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The Pakistan Bureau of Statistics (PBS) calculated the impact of electricity price increase as 29 percent and 43 percent on month-on-month and year-on-year basis, respectively. Electricity alone was the single largest contributor to the headline inflation, and the sole reason why core inflation inched up having stayed static for over eight months.

But there is more than what meets the eye. PBS uses a much improved and revised methodology to calculate the impact of electricity prices on CPI. It now makes room for monthly fuel adjustment and bases the methodology on consumption weights. The one shortcoming that was apparent and which has at times resulted in true price change not been reflected in the methodology, has been the inability to make room for the reality that domestic consumers enjoy benefit of the previous slab.

Nevertheless, the recent electricity price increase was unique in the way that it spared none. From the domestic consumer in the lowest category to the industrial consumer in the highest consumption category – everybody has been subject to a uniform tariff increase of Rs1.95 per unit. The sanctity of the decision could be left for discussion some other day, whether it makes sense to expose the most vulnerable to a higher proportionate increase than the affluent. But the impact it has on inflation is an interesting one.

It is fair to acknowledge upfront that it would be too much to ask of the PBS to incorporate changes in consumption slabs just a year and a half after a rather comprehensive exercise. Even if the consumption slabs have turned upside down, it is of little to no value of continuing to use the old consumption slabs for different income quintiles. At the worst, it will only just lead to the actual price change faced by different income strata not being reflected. So what? No one here is looking for preciseness. Rules, policies, and bureaucratic procedures must sure take precedence.

Enough of digression. Back to the tariffs and the CPI impact. In plain vanilla terms, the electricity tariffs have increased by 29.45 percent month-on-month, as per the PBS methodology, from a combined average of Rs11.47 per unit to Rs14.23 per unit. That, on year-on-year basis have jumped by 43 percent from Rs9.92 per unit.

Remember that the PBS takes no account of the fact that domestic consumers still enjoy the benefit of a previous slab, which makes the actual price lower than how PBS sees it. In terms of increase, there is not much difference though as the omission is consistent. The actual change also sits around 27 percent month-on-month and 48 percent year-on-year at Rs13.23 per unit.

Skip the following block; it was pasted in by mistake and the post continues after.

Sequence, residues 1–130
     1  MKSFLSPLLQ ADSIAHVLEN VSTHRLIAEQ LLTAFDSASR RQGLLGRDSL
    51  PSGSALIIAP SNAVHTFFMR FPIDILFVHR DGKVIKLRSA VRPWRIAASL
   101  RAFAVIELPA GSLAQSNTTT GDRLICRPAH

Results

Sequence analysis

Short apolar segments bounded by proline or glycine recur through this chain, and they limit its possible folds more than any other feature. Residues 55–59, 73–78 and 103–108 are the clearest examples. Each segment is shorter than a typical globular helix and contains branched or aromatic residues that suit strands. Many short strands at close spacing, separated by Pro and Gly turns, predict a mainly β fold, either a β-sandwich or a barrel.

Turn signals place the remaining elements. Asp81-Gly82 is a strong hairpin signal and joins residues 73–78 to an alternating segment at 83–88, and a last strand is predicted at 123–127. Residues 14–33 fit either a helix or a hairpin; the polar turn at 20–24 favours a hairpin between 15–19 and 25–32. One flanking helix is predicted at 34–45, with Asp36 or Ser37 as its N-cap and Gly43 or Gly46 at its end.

So, not really a big deal one may say – as the purpose is to record the price change correctly – and in this case, it is closer to reality. But it changes altogether when you consider the reality that the new tariffs determined by Nepra are based on an entirely changed set of consumption slabs, which should ideally lead to very significant changes in consumer weights and slab for each of the five quintiles.

Whether or not the PBS should have done it or if the rules applied do make changes midway (although there is precedence in recent past), it does not change the fact that the new reality would mean a vastly different electricity tariff regime, than what the PBS inflation numbers would report till the time the next rebasing exercise happens (and that won’t be anytime soon).

When plotted against the new consumption pattern as laid out by Nepra in its tariff determination, the year-on-year and month-on-month electricity tariff increase comes at significantly higher 75 and 52 percent, respectively. The impact on the five quintiles is vastly different too, as the lowest income quintile is subject to the highest increase of 198 percent year-on-year. This alone take the electricity impact alone to 3.4 percentage points instead of the 1.96 that it represents on the existing methodology.

But it appears 43 percent year-on-year increase is what will continue to be used. What must be kept in mind that the year-on-year increase will continue to be on the higher side as the government had put a freeze on monthly fuel cost adjustments for nine months from November 2019 till July 2020. Ever since, the monthly FCAs have averaged a significant Re1 per unit. Another quarterly tariff adjustment of Rs0.8 per unit is just around the corner, which should take the effective tariffs even higher for another year. There is no respite in sight!